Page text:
Cleveland Cavaliers’ point guard Kyrie Irving was forced to exit Sunday night’s game after sustaining a left biceps injury.
It’s an all too familiar scene for fantasy basketball owners, as Irving has been plagued by injuries all the way back since his days at Duke.
Irving was injured in the second quarter when he collided with the Los Angeles Clippers’ Blake Griffin while battling for a rebound. He immediately went to the sidelines grimacing in pain. He finished with two points (0-5 FG), four rebounds and two assists in 10 minutes.
The injury is initially being called a “biceps” injury, but it could be shoulder-related, possibly to the labrum. The large head of the biceps is attached to the labrum, which often makes such injuries look like they are related to the arm.
Irving is having an All-Star season — literally — winning the MVP Award at this year’s All-Star Game in New Orleans.
The 21-year-old is averaging 21.5 points, 6.3 assists, 3.6 rebounds, 1.4 steals, and 1.9 3-pointers in the 2013-14 campaign. He’s been even more incredible over his 10 games, scoring 22.6 points with 6.7 dimes, 5.4 boards, 2.2 steals, and 2.2 treys. He recorded his first-career triple-double on Feb. 28 vs. the Utah Jazz.
Dion Waiters, the Cavs’ No. 1 pick last season, is set to benefit the most from any games Irving may miss.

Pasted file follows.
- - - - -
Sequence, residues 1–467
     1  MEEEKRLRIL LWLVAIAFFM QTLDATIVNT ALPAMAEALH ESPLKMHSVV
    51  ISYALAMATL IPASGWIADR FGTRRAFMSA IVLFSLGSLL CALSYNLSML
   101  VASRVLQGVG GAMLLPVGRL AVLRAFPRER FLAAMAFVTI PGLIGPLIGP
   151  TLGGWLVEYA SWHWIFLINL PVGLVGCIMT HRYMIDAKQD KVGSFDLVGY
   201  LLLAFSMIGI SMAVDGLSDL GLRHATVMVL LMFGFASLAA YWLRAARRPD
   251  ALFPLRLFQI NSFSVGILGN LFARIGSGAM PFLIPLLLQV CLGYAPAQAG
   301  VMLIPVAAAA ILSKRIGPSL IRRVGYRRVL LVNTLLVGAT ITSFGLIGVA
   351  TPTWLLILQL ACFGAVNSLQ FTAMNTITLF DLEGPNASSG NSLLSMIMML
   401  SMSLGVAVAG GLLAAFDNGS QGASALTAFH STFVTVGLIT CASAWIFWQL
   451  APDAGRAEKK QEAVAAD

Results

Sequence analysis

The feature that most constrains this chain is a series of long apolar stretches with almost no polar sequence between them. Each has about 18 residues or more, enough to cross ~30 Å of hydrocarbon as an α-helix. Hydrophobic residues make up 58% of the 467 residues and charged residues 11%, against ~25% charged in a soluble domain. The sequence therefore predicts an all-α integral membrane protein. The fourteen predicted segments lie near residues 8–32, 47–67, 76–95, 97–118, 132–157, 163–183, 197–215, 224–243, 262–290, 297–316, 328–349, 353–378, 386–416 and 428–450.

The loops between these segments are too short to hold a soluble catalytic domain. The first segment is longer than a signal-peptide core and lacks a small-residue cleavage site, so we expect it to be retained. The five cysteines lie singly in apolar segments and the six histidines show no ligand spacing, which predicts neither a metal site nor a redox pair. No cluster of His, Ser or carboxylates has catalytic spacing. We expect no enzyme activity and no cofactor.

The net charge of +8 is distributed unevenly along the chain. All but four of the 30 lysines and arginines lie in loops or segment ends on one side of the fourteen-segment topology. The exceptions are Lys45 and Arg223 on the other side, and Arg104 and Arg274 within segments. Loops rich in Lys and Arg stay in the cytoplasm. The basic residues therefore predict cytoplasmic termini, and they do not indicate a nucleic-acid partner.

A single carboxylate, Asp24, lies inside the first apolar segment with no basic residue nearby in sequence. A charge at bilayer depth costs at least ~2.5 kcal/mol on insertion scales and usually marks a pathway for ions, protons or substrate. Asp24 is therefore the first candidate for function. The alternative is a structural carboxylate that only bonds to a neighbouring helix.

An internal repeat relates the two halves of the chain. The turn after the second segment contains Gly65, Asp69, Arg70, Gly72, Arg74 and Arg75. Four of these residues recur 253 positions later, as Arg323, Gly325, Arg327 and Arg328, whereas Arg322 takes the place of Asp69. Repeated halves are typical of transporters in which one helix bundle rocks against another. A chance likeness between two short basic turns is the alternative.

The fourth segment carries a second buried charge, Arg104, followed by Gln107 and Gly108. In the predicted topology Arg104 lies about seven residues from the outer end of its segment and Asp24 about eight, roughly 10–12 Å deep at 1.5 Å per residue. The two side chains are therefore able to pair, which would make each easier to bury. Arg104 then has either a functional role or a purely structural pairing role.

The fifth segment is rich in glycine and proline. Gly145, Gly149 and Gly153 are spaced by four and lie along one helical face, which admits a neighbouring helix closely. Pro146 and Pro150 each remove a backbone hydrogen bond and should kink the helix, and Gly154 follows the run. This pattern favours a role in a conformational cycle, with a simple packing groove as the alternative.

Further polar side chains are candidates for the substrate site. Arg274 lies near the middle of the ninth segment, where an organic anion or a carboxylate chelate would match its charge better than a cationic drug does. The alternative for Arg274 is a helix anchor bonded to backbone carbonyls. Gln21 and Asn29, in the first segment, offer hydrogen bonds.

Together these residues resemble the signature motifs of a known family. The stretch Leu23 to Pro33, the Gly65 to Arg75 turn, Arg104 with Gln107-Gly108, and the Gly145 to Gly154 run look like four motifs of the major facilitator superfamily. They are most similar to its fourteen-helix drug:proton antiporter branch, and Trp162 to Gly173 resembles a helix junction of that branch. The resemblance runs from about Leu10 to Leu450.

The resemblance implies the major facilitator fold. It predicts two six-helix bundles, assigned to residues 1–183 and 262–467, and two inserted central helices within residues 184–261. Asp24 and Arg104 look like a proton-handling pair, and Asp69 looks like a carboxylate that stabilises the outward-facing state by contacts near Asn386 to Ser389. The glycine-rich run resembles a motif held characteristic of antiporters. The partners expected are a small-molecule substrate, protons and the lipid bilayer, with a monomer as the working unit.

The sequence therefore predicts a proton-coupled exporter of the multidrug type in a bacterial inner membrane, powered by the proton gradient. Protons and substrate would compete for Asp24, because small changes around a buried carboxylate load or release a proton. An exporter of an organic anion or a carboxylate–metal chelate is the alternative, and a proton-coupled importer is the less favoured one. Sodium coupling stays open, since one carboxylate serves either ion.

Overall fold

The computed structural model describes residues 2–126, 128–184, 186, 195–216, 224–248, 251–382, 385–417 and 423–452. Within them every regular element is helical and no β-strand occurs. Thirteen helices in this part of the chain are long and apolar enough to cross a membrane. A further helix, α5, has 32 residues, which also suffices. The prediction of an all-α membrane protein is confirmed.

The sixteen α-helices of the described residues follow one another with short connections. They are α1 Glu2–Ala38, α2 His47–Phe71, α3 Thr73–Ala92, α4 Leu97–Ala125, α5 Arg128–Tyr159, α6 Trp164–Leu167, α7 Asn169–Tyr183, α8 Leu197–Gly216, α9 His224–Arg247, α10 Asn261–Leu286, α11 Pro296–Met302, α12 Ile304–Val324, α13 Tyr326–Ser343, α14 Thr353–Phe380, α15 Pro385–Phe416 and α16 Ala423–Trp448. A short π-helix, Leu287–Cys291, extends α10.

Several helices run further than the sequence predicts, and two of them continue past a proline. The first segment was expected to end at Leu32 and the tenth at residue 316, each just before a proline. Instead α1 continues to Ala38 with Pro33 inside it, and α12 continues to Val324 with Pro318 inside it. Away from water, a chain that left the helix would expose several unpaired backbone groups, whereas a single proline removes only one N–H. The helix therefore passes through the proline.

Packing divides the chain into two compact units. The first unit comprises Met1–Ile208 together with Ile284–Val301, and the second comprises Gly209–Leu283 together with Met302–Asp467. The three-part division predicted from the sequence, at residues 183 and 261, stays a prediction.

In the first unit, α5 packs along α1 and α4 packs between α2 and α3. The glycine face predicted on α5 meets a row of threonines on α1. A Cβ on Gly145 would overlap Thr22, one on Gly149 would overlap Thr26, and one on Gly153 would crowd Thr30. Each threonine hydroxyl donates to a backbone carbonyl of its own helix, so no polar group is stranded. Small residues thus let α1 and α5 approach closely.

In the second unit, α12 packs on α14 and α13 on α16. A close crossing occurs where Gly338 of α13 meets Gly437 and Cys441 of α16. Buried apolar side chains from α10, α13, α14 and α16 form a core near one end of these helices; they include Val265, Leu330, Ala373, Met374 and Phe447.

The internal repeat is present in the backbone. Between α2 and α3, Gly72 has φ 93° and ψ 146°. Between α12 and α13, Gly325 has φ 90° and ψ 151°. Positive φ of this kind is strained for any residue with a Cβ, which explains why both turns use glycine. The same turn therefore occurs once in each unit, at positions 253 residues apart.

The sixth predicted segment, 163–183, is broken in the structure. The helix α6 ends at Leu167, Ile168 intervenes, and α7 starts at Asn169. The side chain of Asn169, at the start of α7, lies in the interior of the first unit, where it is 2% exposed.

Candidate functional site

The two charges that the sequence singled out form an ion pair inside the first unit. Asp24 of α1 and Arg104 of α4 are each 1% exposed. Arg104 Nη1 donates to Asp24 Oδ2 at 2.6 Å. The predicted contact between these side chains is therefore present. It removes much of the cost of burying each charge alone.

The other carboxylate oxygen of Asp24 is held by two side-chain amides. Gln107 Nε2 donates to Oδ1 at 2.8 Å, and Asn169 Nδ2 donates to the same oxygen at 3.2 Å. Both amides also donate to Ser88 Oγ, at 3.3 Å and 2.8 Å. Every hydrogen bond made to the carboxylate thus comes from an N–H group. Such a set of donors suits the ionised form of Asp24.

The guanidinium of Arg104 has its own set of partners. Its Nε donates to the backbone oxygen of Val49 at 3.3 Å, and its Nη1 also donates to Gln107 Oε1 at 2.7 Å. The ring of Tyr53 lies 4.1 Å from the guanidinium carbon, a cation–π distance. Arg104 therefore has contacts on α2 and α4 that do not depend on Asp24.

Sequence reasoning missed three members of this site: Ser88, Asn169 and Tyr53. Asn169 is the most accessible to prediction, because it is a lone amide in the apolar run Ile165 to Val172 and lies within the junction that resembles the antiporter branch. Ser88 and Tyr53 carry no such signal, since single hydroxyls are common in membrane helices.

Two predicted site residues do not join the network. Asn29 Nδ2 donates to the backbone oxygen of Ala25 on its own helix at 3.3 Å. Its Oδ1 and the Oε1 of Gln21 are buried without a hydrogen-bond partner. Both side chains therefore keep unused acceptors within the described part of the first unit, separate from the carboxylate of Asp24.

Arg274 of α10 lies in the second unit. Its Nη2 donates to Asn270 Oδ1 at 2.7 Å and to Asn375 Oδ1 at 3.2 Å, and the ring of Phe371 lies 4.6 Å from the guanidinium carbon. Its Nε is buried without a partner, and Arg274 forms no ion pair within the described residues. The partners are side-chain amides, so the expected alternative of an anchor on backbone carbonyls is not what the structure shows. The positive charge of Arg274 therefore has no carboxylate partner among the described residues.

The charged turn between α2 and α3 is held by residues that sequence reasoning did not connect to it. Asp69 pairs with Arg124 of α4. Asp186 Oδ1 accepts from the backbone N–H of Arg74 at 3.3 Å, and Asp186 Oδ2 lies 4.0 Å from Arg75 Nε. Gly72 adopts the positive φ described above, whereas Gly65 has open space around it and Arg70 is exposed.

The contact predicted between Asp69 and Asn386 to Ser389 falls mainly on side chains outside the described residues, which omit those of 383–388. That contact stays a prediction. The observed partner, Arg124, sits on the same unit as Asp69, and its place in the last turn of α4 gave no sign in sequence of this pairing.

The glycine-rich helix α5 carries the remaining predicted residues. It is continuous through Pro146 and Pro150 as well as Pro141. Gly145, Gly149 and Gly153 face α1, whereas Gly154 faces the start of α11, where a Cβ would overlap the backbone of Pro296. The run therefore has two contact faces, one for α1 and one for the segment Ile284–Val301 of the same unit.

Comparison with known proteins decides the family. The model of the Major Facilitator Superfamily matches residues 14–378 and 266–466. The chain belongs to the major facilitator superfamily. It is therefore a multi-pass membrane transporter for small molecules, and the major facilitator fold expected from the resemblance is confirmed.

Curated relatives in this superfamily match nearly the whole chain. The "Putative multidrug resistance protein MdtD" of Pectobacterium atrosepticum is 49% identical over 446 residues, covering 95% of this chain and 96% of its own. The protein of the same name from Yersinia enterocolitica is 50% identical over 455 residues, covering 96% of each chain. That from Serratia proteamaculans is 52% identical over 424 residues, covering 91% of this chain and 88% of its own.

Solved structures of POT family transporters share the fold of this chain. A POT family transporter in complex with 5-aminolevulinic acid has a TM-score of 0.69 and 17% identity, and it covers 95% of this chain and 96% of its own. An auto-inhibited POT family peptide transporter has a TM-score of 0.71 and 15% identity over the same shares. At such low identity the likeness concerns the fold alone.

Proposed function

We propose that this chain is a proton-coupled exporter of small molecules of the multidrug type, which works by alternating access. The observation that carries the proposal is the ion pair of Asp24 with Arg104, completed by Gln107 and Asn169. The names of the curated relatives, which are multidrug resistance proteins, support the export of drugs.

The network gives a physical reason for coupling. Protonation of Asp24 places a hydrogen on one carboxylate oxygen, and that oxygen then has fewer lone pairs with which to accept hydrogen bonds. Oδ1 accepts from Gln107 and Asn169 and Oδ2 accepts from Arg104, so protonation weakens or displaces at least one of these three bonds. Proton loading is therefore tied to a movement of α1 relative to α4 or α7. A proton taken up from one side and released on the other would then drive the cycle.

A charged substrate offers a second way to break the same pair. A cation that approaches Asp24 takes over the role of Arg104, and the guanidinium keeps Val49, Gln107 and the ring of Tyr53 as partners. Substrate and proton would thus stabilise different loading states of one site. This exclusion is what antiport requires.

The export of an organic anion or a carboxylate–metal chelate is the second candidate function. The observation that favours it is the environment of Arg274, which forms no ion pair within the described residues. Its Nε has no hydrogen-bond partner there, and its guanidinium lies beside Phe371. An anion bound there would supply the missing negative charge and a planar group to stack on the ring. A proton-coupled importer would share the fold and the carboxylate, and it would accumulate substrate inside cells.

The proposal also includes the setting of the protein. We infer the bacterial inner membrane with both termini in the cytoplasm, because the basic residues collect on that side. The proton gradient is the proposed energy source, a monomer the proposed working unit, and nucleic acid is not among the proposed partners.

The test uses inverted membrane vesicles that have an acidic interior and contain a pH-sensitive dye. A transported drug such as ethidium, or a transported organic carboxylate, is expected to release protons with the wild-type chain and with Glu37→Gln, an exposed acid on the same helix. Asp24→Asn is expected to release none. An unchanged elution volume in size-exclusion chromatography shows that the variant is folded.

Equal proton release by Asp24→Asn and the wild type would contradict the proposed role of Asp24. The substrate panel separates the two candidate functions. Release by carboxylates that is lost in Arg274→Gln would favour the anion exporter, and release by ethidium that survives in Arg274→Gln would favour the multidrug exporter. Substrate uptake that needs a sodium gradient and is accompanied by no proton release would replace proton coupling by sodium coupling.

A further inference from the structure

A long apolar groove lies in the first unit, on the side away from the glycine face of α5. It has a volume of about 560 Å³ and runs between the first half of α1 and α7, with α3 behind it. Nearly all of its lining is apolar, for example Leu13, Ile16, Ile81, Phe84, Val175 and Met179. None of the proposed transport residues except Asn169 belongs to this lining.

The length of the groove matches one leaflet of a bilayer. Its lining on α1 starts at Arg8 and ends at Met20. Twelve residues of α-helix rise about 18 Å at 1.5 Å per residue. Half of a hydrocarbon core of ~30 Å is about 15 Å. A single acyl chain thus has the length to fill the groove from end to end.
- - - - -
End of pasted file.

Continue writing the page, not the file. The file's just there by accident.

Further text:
Waiters (43.1 percent owned on ESPN.com) is somewhat of a two-category player, mainly helping in points (14.4) and threes (1.2), but has the capability to explode, especially if he was the top guard option in the Cavs’ lineup.
Waiters has really picked up his game since returning from a seven-game absence due to a hyperextended knee. In those five games, the former Syracuse Orange star is averaging 15.8 points, 1.2 steals, and 1.4 3-pointers. He’s also shot 47.2 percent from the floor, much better than his season average of 42.6 percent. He should be the hottest commodity on your league’s waiver wires.
Jack (21.5 percent owned) was already starting at shooting guard in Cleveland, but will have a bigger role now. After signing a four-year, $25 million deal this past summer, Jack has been a disappointment this season, averaging just 8.6 points and 3.8 assists
Although he’s missed 12 straight games with an ankle injury, Miles (1.6 percent owned) is also worth consideration in deeper leagues if you have a bench spot to blow and need help from beyond the arc.
The ninth-year pro has been great in limited time this season, averaging 18.4 points and 3.0 triples per 36 minutes.